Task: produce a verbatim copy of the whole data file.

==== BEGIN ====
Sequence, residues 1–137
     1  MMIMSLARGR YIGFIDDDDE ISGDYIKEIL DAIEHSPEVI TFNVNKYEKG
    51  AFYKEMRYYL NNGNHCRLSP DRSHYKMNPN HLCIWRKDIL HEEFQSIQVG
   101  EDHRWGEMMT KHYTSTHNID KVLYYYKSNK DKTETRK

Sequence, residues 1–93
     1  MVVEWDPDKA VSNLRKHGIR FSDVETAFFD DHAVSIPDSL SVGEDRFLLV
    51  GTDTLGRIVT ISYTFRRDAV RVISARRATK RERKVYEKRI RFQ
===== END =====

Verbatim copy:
Sequence, residues 1–137
     1  MMIMSLARGR YIGFIDDDDE ISGDYIKEIL DAIEHSPEVI TFNVNKYEKG
    51  AFYKEMRYYL NNGNHCRLSP DRSHYKMNPN HLCIWRKDIL HEEFQSIQVG
   101  EDHRWGEMMT KHYTSTHNID KVLYYYKSNK DKTETRK

Sequence, residues 1–93
     1  MVVEWDPDKA VSNLRKHGIR FSDVETAFFD DHAVSIPDSL SVGEDRFLLV
    51  GTDTLGRIVT ISYTFRRDAV RVISARRATK RERKVYEKRI RFQ